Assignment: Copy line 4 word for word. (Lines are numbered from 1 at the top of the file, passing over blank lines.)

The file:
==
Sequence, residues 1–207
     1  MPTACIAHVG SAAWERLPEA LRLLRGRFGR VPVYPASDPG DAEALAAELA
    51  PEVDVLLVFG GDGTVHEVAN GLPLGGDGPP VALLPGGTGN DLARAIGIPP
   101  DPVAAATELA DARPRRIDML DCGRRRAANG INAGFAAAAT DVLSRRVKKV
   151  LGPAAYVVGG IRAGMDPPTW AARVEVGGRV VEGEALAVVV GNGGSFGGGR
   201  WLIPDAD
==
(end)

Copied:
   101  DPVAAATELA DARPRRIDML DCGRRRAANG INAGFAAAAT DVLSRRVKKV